Revolutionary Road Paperback
Part of the Modern American Fiction series
The story of Frank and April Wheeler, a bright, beautiful and talented couple who have lived on the assumption that greatness is just around the corner.
With heartbreaking compassion and remorseless clarity, Richard Yates shows how they mortgage their spiritual birthright, betraying themselves and each other.
- Format: Paperback
- Pages: 346 pages
- Publisher: Methuen Publishing Ltd
- Publication Date: 01/02/2001
- Category: Modern & contemporary fiction (post c 1945)
- ISBN: 9780413757104
- Paperback from £7.79
- Hardback from £11.25
- EPUB from £4.99
Showing 1 - 5 of 21 reviews.
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Review by LizzySiddal
I am so pleased to have made the acquaintance of a kindred spirit. For unlike the optimistic of this world among you, I often share the Yatesian depair. You only have to look at the news to realise that there ain't much sapiens in the human species, and there certainly wasn't much savvy in the cast list of this novel.It was truly an absorbing read and the scenes so realistic with warts-and-all honesty that they came off the page. At times, though, it felt unnecessarily sordid. I freely admit I was shocked by the extended debate concerning the survival of the Wheeler child and the grusome details of April's demise.
Review by piefuchs
A dark story of human nature, aging, and marriage which is worthy of its status as a great novel. While I found the character of April a touch unbelievable and the ending a little too predictable - this was more than compensated for by the inner musings of Frank on life and work. Beautifully written - parts ring painfully true.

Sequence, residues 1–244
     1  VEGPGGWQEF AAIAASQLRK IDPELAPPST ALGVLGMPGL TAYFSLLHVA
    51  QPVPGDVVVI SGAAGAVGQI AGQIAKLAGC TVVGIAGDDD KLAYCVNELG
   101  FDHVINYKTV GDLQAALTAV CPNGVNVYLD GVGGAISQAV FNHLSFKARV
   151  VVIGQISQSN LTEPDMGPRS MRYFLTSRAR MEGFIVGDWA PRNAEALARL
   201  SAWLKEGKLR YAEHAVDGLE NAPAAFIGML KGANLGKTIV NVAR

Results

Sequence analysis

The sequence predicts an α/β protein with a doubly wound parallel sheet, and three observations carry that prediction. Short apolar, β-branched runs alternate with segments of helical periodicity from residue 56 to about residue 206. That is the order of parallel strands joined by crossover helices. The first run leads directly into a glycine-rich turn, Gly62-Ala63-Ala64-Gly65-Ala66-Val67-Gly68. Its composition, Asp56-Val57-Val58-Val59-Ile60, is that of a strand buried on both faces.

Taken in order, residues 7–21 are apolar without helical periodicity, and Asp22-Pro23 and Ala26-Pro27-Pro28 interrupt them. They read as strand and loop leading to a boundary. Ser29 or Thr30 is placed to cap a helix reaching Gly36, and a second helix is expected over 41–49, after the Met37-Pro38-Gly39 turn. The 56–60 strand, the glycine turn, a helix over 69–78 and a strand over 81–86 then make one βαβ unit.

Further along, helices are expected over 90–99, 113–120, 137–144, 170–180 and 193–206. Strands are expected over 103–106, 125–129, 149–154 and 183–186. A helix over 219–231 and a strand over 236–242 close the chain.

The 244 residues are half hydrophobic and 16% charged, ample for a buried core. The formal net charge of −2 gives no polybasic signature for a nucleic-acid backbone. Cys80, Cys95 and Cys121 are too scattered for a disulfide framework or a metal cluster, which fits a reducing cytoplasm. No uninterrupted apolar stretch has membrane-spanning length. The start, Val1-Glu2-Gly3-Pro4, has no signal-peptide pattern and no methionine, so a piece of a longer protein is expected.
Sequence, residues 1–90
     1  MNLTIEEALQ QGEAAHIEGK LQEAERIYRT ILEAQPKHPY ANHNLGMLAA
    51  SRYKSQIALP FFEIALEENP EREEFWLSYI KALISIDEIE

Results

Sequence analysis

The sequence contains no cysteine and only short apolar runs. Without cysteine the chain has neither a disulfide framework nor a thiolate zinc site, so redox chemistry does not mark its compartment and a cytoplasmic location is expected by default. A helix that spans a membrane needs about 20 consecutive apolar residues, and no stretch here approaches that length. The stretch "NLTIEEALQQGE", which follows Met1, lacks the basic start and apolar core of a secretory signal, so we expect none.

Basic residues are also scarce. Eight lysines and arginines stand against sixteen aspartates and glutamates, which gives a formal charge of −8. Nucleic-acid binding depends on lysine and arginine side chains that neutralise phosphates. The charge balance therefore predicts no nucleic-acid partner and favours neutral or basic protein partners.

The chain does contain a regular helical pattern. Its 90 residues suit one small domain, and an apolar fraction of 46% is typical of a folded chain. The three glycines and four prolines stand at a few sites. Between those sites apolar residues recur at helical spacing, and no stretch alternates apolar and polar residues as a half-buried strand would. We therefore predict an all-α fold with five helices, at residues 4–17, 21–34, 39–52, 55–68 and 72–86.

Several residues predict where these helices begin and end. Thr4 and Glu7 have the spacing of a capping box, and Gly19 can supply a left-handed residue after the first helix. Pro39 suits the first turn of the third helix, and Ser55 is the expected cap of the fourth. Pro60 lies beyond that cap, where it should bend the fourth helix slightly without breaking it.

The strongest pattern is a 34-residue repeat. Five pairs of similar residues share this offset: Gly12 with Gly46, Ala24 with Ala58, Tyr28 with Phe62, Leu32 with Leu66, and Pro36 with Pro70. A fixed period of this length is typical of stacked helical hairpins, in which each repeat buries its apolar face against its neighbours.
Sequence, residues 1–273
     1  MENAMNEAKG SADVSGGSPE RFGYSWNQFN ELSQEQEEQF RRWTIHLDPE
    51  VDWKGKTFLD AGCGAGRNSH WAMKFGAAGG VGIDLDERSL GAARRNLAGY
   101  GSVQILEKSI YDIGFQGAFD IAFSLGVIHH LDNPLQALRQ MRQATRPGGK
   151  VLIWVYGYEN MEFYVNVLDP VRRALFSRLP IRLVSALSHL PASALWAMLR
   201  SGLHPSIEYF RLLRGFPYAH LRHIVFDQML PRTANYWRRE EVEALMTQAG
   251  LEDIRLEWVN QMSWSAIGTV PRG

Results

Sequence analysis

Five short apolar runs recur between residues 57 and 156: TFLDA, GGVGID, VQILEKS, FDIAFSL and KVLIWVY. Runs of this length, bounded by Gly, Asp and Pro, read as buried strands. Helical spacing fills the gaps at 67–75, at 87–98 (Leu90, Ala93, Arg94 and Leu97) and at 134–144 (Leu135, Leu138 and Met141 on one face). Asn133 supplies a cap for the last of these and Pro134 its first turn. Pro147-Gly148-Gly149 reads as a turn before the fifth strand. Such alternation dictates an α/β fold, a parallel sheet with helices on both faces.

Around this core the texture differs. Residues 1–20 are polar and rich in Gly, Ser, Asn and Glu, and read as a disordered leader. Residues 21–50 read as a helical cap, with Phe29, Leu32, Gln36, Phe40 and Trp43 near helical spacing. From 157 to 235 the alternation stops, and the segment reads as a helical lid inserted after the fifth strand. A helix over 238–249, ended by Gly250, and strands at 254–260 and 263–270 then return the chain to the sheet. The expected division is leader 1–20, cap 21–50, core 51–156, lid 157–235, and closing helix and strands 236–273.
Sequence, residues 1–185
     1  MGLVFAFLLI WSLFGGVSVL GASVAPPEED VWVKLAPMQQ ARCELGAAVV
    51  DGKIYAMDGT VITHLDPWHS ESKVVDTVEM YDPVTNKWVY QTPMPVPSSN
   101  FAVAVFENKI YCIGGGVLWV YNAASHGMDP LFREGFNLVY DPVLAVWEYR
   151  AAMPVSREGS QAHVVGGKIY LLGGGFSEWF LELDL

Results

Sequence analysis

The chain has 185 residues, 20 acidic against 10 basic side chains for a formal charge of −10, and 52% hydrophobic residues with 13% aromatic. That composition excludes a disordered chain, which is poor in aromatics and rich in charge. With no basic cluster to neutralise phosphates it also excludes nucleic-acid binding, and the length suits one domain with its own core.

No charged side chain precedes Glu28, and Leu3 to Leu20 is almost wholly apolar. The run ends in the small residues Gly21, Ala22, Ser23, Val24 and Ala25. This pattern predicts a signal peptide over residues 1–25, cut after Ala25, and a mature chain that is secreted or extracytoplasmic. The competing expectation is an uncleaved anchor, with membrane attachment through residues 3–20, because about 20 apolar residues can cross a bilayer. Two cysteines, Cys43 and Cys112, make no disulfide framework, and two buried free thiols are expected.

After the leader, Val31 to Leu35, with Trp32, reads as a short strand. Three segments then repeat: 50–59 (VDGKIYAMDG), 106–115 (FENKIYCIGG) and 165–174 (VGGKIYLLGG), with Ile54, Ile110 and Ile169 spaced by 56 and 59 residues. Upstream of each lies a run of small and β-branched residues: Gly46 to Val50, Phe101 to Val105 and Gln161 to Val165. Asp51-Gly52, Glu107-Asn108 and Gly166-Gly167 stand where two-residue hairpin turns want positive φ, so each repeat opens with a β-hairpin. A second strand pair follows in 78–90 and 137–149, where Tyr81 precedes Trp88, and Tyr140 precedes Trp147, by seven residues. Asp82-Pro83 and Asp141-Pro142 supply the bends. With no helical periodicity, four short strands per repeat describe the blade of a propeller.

Review by mitzlarue
Interesting read about a couple whose marriage is slowly disintegrating. Captures the feel of the mid 50s and attitudes towards love, marriage, and finding yourself.
Review by pdebolt
The sadness of this beautifully written book will stay with me for a long time. Frank and April Wheeler live the "American Dream" in a Connecticut suburb in 1955, a period of apparent optimism and striving for upward mobility in the United States. Although part of the community, they continue to denigrate it, seeing themselves as somehow apart from the cliched materialism and posturing of their neighbors. Sadly, their aspirations to set themselves apart are not compatible with their capabilities. Eventually their arguments escalate to an unbearable pitch, and the reader sees them plunge toward an inevitable disaster. I greatly admire Richard Yates' craftsmanship in this absorbing and sobering novel.
Review by AuntJha
I felt sorry for April and Frank, also disgusted with them. If you want to be unique then be unique. Don't make the same choices everyone else makes and expect that somehow you are going to be different. Within the confines of the 1950s their choices make more sense then they do today, and Mr. Yates is brilliant when describing their inner feelings which would have been revolutionary at the time. I can understand Franks disinterest in his job and his reluctance to approach tasks at work. I found it interesting that April and Frank manage to bring out the best in each other and also the worst, only after April cooks up the scheme to move to Europe is he able to achieve some success at work. Unfortunately for Frank, April is not impressed with moving up the ladder, she wants excitement and passion. This book was a quick, sad read, not at all enjoyable but more educational then an episode of Mad Men.
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